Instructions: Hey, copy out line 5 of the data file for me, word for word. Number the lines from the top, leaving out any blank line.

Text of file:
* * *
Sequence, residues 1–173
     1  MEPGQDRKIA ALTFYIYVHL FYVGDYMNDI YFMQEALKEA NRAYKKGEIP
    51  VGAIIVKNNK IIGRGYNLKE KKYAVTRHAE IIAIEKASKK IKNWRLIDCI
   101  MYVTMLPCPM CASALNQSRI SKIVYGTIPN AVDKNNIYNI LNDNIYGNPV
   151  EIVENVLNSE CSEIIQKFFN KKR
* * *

   151  EIVENVLNSE CSEIIQKFFN KKR